Thursday, December 06, 2012

Open Letter to Vassar College

Dear Vassar, 

I graduated from your fine institution 14 years ago and to this day, some of the best friends in my life and greatest memories have come from those four years.  As a student, "in the bubble", I felt a strong connection to you.  As an alum, that connection has faded, as our relationship has become a financial one.  When my good friend Erin Schlather died unexpectedly and we worked with you to plant a tree in her name, that tree was removed for renovation of Swift Hall with no notice given to any of us.  

My good friend Montu recently wrote an email to the Dean of the College asking if we could be of any help to the college.  He is a hotelier and could offer some technical assistance for the college owned and operated Alumnae House.  I have worked on emergency planning and operations for most of my life and would be happy to review any plans or help create new ones.  Free.  As in, I can't give you $250, but my bill rate used to be $135 an hour, so I'm betting I can give you much more in sweat equity.  

This is the reply we got:

Dear Montu,

Thank you for your email.  I work with your class on class fundraising efforts and wanted to respond to your question directly.  

Unfortunately at the present time it is not part of the College's overall fundraising program to accept goods or services as in kind donations (currently we can only accept gifts of art as gifts in kind).  We do receive offers of services and requests quite frequently, so this is certainly on our radar.  I will keep your contact information and will be sure to update you if there are any changes or updates to the policy.

Again, thanks so much for the feedback.  Please don't hesitate to contact me with any other questions.


XXXXX (Development Person)

Alright VC, can we talk? Listen, as the 2008 elections have shown, the old white ladies that give you 8 Steinways in their will or priceless paintings are sadly passing away.  The fact that you know there are alums who want to help you and yet you still have nothing in place is pathetic.  Listen, I get it.  You want money.  Cold, hard and (most importantly) unrestricted cash.  Your nightmare is losing control of your money by people basically picking what kind of tree they want there or the colors of the dorm walls.  Trust me, I get it.  But, you're missing out on a whole generation.  Your fundraising still consists of the following model.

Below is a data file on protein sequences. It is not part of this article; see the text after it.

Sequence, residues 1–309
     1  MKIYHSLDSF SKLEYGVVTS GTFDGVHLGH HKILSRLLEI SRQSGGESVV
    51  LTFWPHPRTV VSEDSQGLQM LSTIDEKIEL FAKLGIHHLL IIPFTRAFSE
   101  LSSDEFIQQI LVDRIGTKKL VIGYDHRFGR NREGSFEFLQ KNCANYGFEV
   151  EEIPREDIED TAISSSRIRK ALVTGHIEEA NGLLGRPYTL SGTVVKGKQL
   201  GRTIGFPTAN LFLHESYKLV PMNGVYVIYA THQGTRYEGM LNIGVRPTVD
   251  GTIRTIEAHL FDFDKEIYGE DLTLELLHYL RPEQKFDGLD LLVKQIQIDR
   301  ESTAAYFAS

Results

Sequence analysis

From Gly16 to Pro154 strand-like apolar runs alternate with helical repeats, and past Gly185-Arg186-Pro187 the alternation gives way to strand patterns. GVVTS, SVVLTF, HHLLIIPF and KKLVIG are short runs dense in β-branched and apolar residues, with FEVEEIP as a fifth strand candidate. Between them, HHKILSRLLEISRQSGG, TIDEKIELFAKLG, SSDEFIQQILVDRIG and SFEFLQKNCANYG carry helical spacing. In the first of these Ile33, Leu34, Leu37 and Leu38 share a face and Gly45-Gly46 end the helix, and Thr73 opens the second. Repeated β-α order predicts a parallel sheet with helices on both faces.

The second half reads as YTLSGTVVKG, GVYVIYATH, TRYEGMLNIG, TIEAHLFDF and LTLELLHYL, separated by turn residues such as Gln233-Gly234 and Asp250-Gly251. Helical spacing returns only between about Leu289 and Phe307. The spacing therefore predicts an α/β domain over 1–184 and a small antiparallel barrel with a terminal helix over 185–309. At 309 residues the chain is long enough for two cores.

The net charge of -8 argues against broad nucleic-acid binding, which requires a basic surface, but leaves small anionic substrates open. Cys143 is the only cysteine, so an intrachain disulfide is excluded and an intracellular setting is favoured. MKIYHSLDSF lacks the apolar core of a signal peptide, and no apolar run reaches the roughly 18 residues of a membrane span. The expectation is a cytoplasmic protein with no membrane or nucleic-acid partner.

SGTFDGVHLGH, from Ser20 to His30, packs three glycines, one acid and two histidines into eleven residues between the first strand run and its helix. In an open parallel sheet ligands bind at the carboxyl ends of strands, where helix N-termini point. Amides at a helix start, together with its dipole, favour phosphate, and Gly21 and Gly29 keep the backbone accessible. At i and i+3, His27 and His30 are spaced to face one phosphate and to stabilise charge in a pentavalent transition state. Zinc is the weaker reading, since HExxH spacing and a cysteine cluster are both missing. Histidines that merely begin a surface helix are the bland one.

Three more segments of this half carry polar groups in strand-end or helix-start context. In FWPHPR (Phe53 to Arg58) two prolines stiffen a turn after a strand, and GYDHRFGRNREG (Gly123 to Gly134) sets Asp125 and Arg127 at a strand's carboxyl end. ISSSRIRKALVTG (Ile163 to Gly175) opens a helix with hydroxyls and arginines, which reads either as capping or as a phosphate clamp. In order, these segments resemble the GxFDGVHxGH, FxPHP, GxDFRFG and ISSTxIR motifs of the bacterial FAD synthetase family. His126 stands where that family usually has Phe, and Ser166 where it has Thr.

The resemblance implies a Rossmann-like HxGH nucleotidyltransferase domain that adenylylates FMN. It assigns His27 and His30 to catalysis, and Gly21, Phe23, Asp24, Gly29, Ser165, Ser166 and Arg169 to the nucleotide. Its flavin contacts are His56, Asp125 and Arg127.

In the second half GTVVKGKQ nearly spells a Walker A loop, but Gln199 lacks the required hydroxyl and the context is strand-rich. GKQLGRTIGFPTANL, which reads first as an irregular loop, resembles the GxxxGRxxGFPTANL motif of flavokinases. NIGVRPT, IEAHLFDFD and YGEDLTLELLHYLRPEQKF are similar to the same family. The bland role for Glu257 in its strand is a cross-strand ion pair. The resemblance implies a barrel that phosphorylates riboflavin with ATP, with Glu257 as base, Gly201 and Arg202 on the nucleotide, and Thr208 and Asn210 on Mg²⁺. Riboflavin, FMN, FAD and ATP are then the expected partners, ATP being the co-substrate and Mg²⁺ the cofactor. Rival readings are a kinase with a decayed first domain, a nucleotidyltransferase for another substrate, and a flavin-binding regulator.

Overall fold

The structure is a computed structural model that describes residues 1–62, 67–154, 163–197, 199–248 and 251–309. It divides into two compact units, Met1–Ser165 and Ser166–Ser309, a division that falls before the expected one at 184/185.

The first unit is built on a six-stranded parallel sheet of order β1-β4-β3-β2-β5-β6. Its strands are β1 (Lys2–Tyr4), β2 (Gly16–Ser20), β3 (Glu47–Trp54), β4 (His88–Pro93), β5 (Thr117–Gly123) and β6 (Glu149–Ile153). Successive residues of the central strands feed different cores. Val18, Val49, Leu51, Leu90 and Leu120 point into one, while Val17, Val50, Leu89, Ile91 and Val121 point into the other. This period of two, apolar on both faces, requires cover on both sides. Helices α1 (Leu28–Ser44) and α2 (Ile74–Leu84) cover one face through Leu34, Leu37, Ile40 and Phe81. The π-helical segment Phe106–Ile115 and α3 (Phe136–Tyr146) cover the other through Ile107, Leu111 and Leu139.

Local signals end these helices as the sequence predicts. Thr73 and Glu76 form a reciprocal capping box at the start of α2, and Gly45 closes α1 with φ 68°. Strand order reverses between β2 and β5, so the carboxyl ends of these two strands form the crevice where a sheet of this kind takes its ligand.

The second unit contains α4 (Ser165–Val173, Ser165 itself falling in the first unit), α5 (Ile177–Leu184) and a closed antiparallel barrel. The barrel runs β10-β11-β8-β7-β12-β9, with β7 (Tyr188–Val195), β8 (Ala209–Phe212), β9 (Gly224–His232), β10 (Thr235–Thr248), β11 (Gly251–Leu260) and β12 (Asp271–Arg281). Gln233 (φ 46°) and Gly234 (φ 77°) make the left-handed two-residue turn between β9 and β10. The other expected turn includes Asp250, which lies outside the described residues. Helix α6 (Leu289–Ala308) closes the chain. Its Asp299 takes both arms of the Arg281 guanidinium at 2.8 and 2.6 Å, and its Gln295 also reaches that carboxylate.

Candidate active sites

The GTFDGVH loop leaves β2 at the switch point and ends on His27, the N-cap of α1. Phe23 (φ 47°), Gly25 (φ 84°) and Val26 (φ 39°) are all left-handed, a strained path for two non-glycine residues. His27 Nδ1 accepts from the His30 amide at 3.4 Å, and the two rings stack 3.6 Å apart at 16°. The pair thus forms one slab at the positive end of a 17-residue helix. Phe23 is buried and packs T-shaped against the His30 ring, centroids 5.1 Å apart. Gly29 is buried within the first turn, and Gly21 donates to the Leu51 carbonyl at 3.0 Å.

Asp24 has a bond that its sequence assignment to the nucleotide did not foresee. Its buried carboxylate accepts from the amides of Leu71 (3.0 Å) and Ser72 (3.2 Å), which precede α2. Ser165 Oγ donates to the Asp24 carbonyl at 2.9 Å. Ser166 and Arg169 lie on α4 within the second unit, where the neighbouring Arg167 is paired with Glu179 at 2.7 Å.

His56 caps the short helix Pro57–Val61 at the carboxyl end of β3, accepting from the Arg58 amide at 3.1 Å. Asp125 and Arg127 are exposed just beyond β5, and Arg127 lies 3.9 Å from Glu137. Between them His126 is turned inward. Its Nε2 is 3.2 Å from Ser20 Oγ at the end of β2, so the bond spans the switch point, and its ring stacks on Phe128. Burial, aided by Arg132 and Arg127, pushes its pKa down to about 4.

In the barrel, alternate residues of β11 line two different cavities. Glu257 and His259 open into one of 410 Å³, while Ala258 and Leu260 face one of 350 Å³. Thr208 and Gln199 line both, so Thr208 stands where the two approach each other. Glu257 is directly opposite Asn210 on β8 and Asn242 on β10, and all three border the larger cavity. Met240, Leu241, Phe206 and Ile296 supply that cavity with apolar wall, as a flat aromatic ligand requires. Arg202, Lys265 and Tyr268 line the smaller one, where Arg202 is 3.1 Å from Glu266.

1. Mail out glossy catalog with pictures of trees and names of donors, with donation envelope enclosed
  2. Receive and deposit checks.  
  3. Repeat. 
Listen, that's awesome.  And simple.  And I understand why you don't want to give that up.  You want to ride that gravy train, until you hit a lump and derail.  But people give money because they feel connected.  And a glossy book and open bar on 2 Buck Chuck every five years does not a relationship make.  I feel used.  

You have incredibly talented alumni and you could involve them in lots of different ways.  I know a guy who looks like a killer in Brooklyn but has some dulcet pipes who could record your phone tree for you.  Montu could easily make you more money at Alumni House.  And I can make sure that when a dorm needs to be evacuated the school doesn't tell 250 students to "go find some friends." This really happened.  The Great Jewett Flood of 1997. I understand that there could be liability involved with volunteer work, but we're adults and went to a pretty decent college, so I'm sure we could figure it all out. 

Your alumni are changing and they're growing in a philanthropic world of Kickstarter and Donors Choose and Kiva (technically not a charity), and they're going to want a different relationship with you.  And you will need to offer that.  So why not get ahead of the curve?  Why not try something daring and new?  Why do you innovate in the sciences to bring in new students, but are behind the times in keeping them plugged in.  

Final Story: I attended a college fair in Brookline, MA as an alumni volunteer several years ago, and got paired up with Caitlin and JA, two charming and brilliant women who graduated 5 years after me.  And just talking to them, not even about college, made me again realize how special Vassar was and is.  And it made me donate more to the school because I felt that connection, even third party through these other women.  Help me help you make that connection.  

You are better than this.  Be better than this.   


Graham Campbell '99

P.S. Feel free to call me.  You have my number as you call me all the time to ask for money.  

P.P.S I wanted to say that I don't think Vassar is any worse at this than other colleges.  I think the relationship between alum and alma mater is flawed as the general rule where this type of fundraising happens. 


jetsetr said...

Wow. Powerful and moving letter.

maikib said...

My only comment is that I don't believe you were actually THERE for the great Jewett flood. Just sayin'.

Just kidding. So spot on. I hope they listen. I miss the Vassar I knew.

Hero to the Masses said...

Truth. I was at your place. I left the house in the very incapable hands of Secretary Reganti. Doomed.